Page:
Funny Memory

I come back on the last post made by Franksider,
When I look at this picture, I see only one thing:
the house between the two surfers, my grandparents used to live on the third floor of this building... And I looked whole afternoons with binoculars those guys below surfing the waves with great "Boabab" boards.


$1 Million Motorcycles

By Daniel McDermon

Four hand-built motorcycles by the Japanese artist Chicara Nagata at the Ippodo Gallery in Chelsea. (Courtesy Ippodo Gallery)

Winter is often downtime for motorcyclists in northern climes, but this month enthusiasts around New York City can indulge in a bit of cold-weather fancy.

From Jan. 16 to 18 the Cycle World International Motorcycle Show will be at the Jacob K. Javits Convention Center. And on display at the Ippodo Gallery on West 26th Street is the “Liquid Chrome” exhibition, which features four hand-built custom motorcycles by the Japanese artist Chicara Nagata.

Mr. Chicara’s bikes combine vintage engines and drivetrains with frames, suspension and steering components that he manufactures himself. For example, the Chicara Art I Classic — the bikes are named in sequence, up to Art IV Classic — incorporates a 1939 Harley-Davidson engine into an elongated, almost bobber-like steel frame that displays more chrome than a ZZ Top video. The bike won first prize in the Freestyle category at the 2006 AMD World Championship of Custom Bike Building.

Mr. Chicara, 46, worked in graphic design for a decade before he began to build custom motorcycles in the early 1990s, with an early focus on American-styled customs built around Harley components. The machines on display at Ippodo, however, represent a turn away from the off-the-rack customs that have become ubiquitous in the United States. The key distinction is in Mr. Chicara’s frame and suspension builds; each bike here relies on a slightly different configuration.

Chicara Art III Classic. (Courtesy Ippodo Gallery)

A close look at the Art III Classic illustrates one approach: the fork connects to the main frame by a flexing linkage that houses a shock absorber. It’s not necessarily a design that would make for peak performance or riding comfort — hard to imagine how it would perform on the street — but that’s beside the point.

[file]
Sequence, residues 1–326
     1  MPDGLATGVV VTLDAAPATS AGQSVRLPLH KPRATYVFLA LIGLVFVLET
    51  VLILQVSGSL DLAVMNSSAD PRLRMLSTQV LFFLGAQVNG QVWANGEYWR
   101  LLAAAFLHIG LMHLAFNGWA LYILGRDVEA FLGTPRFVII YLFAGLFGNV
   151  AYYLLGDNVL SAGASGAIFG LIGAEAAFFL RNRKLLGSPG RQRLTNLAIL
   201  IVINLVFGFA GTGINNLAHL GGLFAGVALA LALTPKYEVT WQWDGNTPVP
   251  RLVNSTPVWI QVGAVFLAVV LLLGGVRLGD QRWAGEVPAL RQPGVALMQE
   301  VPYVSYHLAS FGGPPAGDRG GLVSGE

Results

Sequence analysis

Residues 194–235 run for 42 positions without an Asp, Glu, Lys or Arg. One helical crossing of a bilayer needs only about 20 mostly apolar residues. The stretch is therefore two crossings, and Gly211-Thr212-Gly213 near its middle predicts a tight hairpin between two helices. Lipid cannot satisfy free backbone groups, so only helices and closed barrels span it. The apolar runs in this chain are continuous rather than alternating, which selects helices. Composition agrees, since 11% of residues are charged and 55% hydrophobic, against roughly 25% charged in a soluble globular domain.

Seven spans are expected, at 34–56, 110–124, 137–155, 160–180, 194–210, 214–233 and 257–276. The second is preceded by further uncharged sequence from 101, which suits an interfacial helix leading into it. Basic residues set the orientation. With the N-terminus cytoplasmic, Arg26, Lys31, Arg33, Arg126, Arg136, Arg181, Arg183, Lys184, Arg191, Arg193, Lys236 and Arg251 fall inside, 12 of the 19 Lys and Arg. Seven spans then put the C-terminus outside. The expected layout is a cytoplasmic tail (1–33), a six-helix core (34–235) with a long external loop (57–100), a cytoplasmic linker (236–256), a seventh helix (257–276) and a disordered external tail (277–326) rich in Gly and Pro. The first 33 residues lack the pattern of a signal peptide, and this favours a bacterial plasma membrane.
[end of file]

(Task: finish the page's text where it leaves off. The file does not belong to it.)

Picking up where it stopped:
Coated in chrome and hand-fashioned parts, including copper and brass fittings, the Chicara machines embody a great deal of motorcycle history, from the engine-strapped-to-a-bicycle models of a century ago, to the chopped, blasted and welded machines that are turned out of custom shops and boutique manufacturers today. The incorporation of midcentury American and Japanese engines is a nice touch, bridging the historic gap between some of the design elements on display.

Mr. Chicara’s works have often been written about as curiosities, and understandably so — they are being offered for sale, with asking prices starting at $1 million (for the Art IV Classic, the smallest and most recent piece on display, which is built with a 1966 Honda moped engine). But setting aside the prices, the bikes are worth our attention because they remind us of something fundamental about motorcycles: the connection between rider and machine. The Art II Classic, in particular, reveals itself as a stripped-down metal frame with a low-slung engine, a rolling rocket with a tiny saddle and short handlebars.

According to the gallery, the bikes are all functional — at least in the sense that the engines will start and propel the bikes forward — although it is unlikely that they’ll ever encounter asphalt. Maybe it would be more appropriate, anyway, for a buyer to build a wooden plank track for these history-straddling machines.

Liquid Chrome, Ippodo Gallery, 521 W. 26th Street, through Jan. 31.

January 8, 2009